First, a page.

29 Oct Have you ever heard of SNOMED?
SNOMED CT – Coming to an FP17 Near You
SNOMED CT is, to simplify things, a system for coding medical conditions and treatments. It’s created by an international agency and is being rapidly adopted by governments across the ‘Western World’ to help standardise medical terminology.
The name SNOMED is derived from Systemised NOmenclature of MEDicine, and the CT extension from Clinical Terminology. The project began in 1965 to standardise terminology for pathology and has developed and expanded through the years.
The organisation behind it – SNOMED International – was established as the International Health Terminology Standards Development Organisation in 2007. The nine founding charter Members were the governments of Australia, Canada, Denmark, Lithuania, Sweden, the Netherlands, New Zealand, the United Kingdom and the United States.
As the UK government is backing the standard, NHS Digital and Public Health England are currently planning a roll-out. One of the intentions is to help provide a better analysis of public health and epidemiology, and better track the spread and geographic distribution of health issues. Ultimately, this should lead to better healthcare and improved public health.
SNOMED and Dentistry
For some while, UK dentists have had their own standard terminology and reporting methods for patient notes, and for claiming UDAs and reporting treatments to the NHS through the FP17 form. However, to produce a unified system across all medical specialisms, the NHS and Public Health England want to replace this coding system with SNOMED.
They define it thus; “The Systematized Nomenclature of Dentistry (SNODENT) is an official subset of SNOMED CT, a vocabulary designed for use with electronic health and dental records.” Its intended purpose is to:
- Provide standardized terms for describing dental disease
- Capture clinical detail and patient characteristics
- Permit analysis of patient care services and outcomes
- To be interoperable with Electronic Health Records (EHR) and Electronic Dental Records (EDR)
NHS Digital and Public Health England have not yet (at time of writing) precisely defined the ‘what’. However, their direction of travel suggests that at some point we will have a new standard way to describe and encode all dental treatments. This code will be compatible with the pilot projects currently being implemented by the NHS and various international organisations (such as the International Olympic Committee).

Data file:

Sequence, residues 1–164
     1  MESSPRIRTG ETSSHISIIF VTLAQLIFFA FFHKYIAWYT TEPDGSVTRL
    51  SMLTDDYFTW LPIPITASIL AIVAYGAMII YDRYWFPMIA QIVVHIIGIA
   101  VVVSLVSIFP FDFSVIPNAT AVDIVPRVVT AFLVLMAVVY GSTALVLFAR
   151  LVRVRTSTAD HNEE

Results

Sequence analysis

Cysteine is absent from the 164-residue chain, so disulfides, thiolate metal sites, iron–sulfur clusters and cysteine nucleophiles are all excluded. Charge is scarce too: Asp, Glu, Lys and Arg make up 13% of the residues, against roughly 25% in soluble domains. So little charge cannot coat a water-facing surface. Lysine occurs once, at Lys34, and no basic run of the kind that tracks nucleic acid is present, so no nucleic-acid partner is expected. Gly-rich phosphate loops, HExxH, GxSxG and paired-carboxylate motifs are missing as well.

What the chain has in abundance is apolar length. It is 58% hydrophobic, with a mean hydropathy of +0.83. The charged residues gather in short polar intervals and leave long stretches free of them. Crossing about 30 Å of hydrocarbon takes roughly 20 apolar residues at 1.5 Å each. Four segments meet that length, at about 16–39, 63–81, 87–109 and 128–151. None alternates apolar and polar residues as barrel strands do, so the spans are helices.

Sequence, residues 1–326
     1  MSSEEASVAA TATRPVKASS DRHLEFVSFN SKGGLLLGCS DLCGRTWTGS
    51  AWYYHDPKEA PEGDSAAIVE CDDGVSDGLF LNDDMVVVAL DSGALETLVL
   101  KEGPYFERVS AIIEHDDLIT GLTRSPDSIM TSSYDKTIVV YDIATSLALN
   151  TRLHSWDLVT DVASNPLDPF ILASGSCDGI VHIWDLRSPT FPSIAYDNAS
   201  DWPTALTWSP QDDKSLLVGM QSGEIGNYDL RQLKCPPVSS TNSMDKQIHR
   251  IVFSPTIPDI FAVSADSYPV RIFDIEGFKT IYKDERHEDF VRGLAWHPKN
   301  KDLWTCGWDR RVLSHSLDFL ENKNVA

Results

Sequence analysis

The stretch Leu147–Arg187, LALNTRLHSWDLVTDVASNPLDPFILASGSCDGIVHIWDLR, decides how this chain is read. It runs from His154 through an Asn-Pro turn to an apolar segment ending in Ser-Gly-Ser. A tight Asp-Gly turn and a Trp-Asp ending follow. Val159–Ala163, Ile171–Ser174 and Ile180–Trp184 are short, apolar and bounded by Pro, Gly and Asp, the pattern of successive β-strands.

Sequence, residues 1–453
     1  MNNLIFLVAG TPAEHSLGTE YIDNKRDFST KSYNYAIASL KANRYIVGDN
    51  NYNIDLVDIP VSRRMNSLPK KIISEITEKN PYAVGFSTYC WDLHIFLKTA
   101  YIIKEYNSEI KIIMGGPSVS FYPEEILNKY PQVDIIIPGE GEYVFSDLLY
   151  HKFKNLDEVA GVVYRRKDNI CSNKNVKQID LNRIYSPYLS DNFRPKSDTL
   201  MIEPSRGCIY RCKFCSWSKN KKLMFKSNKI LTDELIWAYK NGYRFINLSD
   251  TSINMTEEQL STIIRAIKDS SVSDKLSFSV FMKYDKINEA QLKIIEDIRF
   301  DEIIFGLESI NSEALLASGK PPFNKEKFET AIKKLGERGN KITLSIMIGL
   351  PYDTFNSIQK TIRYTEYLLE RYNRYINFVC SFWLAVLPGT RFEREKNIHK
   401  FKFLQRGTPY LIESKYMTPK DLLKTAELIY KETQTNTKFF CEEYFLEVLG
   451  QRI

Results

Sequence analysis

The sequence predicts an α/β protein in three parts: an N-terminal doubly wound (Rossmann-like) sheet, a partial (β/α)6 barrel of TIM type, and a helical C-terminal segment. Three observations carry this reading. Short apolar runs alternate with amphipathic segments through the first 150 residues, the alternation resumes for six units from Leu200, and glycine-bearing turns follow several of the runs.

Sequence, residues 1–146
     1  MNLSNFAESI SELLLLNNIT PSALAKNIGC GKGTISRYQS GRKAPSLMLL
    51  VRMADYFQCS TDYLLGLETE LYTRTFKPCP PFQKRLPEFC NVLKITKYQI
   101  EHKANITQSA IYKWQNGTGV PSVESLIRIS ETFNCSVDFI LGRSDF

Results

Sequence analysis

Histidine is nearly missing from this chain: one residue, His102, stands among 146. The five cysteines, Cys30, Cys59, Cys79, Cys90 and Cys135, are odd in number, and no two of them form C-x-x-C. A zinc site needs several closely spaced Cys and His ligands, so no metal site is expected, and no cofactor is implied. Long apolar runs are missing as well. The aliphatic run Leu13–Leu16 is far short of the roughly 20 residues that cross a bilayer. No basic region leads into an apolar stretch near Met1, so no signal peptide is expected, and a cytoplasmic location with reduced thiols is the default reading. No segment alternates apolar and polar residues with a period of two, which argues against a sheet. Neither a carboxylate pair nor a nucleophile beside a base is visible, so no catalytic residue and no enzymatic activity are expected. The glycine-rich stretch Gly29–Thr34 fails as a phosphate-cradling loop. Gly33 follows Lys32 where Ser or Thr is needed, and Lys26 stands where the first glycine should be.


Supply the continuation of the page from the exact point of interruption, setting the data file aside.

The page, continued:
It is also fairly clear that all dentists working with NHS patients will need a computerised practice management system and information reporting system. It’s not yet clear if this requirement will also be placed on private dentists. These systems will need to implement SNOMED CT, SNODENT or some other subset.
What do you need to do?
Nothing yet. However, it’s probably a good idea to talk to your practice management software supplier about SNOMED. And if you haven’t already implemented a computer-based practice management software system, it’s probably time to choose one of the latest generation systems available so that it is well established in your practice before SNOMED is implemented.
Members of the UK Dental Software Suppliers Association (of which Pearl is a prominent member) are already in discussions with the NHS and other related health organisations. An aggressive timetable has already been suggested, and we fully expect the first pilot systems to be available to start testing in the next year or so.
If you are an existing customer, we recommend migrating to the latest version of Pearl Dental Software.
What does Pearl need to do?
At a detailed level, we won’t know the full scope of the project until the final specification and timeline are confirmed. However, the system architecture of the latest Pearl Dental Software is already capable of supporting the new terminology descriptions, definitions and encoding. We are fully committed to the project and actively participating in the discussion as an active part of the UK Dental Software Suppliers Association.
We will be publishing further articles about SNOMED in this blog, on our social media channels, and in our newsletter. If there is a demand we will also organise briefings and webinars. So, if you would like to know more, please email us with your questions.
More information on Pearl
Full contact details can be found here: www.pearldentalsoftware.com/contact/